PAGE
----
World Poker Tour Polls Players About a Potential Shot Clock
Tired of watching poker players sit in silence for ages before acting? Well, those days may soon come to an end on the World Poker Tour.
At the WPT L.A. Poker Classic Main Event, players were polled about possibly bringing a shot clock to the tour in Season XIII. According to a photo tweeted by Marvin Rettenmaier the shot clock would work like this:
- Players will have 30 seconds to act on his or her hand
- If a player does not act on his or her hand in 30 seconds, the hand will be declared dead
- Each player will be given time buttons that will add an additional 60 seconds to the clock, and time buttons can be used individually or in combination
Players were to answer "yes" or "no," and if they answered yes they were subsequently asked when the shot clock should be used:
- In the money
- Final three tables
- Final table only
Rettenmaier, who is a pro for partypoker, a WPT sponsor, answered no, adding: "Please don't make me get a real job!!!"
"WPT is continuing to explore ways to improve the overall tournament experience," WPT President Adam Pliska told PokerNews. "Mike Sexton, Vince Van Patten, Matt Savage, our tour management director Angelica Hael and myself have considered implementing a shot clock in a limited capacity for some time, but thought player feedback would be helpful in determining if this is one of the initiatives we should try and if so, in what capacity."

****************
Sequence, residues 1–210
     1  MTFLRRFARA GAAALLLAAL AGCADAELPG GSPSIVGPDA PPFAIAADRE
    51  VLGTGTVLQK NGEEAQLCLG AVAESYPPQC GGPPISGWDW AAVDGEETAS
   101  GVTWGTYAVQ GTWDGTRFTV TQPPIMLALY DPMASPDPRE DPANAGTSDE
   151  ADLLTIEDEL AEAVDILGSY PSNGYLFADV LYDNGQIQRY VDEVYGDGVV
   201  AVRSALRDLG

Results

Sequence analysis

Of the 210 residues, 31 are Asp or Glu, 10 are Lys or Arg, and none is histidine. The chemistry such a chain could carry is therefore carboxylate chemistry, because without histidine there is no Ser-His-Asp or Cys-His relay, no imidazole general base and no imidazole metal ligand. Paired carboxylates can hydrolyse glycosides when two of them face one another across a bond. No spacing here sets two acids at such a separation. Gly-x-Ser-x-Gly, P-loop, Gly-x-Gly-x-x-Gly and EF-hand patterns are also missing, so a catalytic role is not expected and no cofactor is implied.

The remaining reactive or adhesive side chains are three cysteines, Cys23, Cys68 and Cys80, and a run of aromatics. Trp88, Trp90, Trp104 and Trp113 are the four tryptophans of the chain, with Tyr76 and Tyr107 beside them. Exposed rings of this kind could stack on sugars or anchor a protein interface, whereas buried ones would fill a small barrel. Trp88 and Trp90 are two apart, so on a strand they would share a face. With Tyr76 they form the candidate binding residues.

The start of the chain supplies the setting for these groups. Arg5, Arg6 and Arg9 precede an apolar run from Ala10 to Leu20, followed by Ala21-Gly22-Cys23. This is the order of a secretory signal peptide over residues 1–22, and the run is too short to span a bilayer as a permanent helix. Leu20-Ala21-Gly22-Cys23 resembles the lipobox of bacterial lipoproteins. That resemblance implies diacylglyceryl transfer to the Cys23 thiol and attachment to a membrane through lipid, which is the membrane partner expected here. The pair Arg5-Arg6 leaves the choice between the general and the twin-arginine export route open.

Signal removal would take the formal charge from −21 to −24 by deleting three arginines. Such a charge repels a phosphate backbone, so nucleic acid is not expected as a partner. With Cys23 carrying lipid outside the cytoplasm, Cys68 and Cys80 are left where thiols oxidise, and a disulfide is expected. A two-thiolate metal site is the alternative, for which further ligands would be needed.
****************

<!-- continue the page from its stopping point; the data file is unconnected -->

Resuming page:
Pliska is very pleased with the player feedback, and anticipates further synergy in the future.
"I was really impressed with the amount of participation from the players and the thoughtfulness of the comments we received," Pliska said. "In fact, considering the participation levels to this survey, I anticipate we will be looking for more player feedback like this on other tournament initiatives we will be considering throughout the season. I'm very grateful for this input as we have tried to be far more open to player engagement in shaping the products from the TV show to the tournaments in recent years."
While Rettenmaier is against the proposed shot clock, Daniel Negreanu beats the drum for the opposition. Negreanu has argued in favor of a shot clock dating back to the 2012 World Series of Poker Main Event final table, and is pleased that the WPT is looking for player feedback.
"I think it's an excellent way to get player feedback, and it's an issue worth addressing," Negreanu told PokerNews.
"Kid Poker" also offered some suggestions if the shot clock is indeed implemented.
"I think there should be a button for every level played. So if five levels are played, you get five buttons for the day and they carry over," Negreanu said. "I also think 60 seconds on the river should be the standard."
If any updates surface with regards to the proposed shot clock, PokerNews will have them for you.